Mushrooms can be toxic to dogs and cats. Toxic mushrooms are commonly found in backyards, along hiking trails, in campgrounds and at grassy parks. There are many different species of mushrooms with a variety of characteristics making identification of individual types quite complicated. If you aren’t a mushroom expert, it’s best to assume that any mushroom you find could be a toxic one.

Clinical signs of mushroom poisoning include vomiting, diarrhea, weakness, lack of coordination, tremors, vocalization, disorientation, and seizures. Different types of mushrooms can have different toxins, so clinical signs may vary depending on the type and quantity of mushroom consumed. The different isolated toxins are stomach toxins, liver toxins, kidney toxins and brain/neuro toxins. It can be difficult to confirm a diagnosis of mushroom poisoning. Usually owners will see their pets eating mushrooms, the pets are hiking off leash, or the owners see mushrooms in the vomit.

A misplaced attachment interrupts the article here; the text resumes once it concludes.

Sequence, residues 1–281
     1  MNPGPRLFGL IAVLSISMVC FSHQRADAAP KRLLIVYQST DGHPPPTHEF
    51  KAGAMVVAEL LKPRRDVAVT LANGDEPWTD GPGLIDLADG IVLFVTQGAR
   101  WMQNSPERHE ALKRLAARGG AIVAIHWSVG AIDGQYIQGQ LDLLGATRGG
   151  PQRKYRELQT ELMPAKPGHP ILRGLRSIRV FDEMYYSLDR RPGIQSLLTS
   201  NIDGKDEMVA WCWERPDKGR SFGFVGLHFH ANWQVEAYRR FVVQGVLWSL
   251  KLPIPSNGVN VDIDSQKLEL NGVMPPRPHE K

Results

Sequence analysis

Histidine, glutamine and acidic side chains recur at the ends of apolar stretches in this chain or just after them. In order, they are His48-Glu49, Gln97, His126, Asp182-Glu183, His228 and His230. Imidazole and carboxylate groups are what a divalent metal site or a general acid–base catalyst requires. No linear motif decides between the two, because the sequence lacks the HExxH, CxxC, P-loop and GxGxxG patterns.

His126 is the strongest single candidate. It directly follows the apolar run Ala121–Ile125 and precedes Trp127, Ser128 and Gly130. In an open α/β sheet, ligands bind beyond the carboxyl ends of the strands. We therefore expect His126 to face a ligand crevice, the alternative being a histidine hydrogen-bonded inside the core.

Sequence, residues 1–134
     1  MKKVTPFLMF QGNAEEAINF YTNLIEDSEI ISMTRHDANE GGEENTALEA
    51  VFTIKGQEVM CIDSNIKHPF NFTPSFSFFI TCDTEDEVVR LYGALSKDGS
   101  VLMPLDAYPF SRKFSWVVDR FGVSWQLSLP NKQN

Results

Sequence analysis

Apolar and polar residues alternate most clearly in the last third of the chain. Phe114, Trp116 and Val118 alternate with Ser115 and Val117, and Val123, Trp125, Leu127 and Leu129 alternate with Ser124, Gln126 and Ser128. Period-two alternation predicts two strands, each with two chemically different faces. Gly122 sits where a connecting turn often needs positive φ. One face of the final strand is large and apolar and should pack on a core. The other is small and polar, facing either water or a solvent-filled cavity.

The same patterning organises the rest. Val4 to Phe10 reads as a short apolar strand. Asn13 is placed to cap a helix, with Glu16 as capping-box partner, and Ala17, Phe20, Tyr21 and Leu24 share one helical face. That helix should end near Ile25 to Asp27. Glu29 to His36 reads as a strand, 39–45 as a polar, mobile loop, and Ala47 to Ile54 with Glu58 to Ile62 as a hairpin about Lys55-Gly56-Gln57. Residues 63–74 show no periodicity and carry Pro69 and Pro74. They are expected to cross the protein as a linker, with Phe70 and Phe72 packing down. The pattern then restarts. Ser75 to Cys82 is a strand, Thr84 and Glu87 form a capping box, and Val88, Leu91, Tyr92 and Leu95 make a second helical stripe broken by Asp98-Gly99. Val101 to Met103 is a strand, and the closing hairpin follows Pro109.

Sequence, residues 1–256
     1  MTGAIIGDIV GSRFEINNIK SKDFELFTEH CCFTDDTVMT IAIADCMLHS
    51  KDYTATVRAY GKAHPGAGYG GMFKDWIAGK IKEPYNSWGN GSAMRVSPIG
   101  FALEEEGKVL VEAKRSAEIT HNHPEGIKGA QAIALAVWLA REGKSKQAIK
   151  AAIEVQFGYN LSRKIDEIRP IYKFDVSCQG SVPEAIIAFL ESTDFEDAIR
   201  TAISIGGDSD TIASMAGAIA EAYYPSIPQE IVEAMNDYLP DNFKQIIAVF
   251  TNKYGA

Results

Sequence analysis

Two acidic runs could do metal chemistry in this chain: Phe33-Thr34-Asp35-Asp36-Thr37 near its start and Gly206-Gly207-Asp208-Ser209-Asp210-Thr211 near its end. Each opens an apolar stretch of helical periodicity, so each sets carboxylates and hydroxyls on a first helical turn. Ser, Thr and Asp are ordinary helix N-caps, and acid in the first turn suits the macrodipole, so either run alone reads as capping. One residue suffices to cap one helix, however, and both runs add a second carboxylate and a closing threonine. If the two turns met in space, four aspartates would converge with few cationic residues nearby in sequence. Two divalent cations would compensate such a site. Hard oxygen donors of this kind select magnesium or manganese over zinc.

Treatment for mushroom toxicity is to decrease the amount of toxin in the bloodstream. Prompt treatment is critical to a successful outcome. Vomiting is usually induced if the pet has not vomited already to help decrease the amount of potentially absorbed mushrooms in the stomach. Next, the pet is usually admitted to the hospital to receive intravenous fluids. Fluids help flush the toxin from the bloodstream and support kidney and liver function. If the pet is seizing, we administer anti-seizure medications. How well the treatment works out depends on the type of mushroom ingested, how much was consumed, the pet’s health, and how quickly they were able to receive treatment. Many mushrooms are not fatal, although your pet could suffer serious complications if not treated appropriately; other mushrooms live up to their common names, such as the death cap mushroom. Recognizing symptoms early and seeking immediate care are good ways to help potential life-threatening consequences. 

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